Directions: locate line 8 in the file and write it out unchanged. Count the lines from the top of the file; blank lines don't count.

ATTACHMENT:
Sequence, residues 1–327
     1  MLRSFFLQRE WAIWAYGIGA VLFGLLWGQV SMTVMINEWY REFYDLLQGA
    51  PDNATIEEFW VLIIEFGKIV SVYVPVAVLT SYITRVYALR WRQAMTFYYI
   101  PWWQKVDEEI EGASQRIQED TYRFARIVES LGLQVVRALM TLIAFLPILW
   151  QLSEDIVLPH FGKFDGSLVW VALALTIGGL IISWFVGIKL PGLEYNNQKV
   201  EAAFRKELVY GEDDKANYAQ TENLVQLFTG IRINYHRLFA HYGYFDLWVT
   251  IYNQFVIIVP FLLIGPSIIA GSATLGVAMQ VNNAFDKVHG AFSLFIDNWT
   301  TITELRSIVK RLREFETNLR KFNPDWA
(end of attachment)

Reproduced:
   301  TITELRSIVK RLREFETNLR KFNPDWA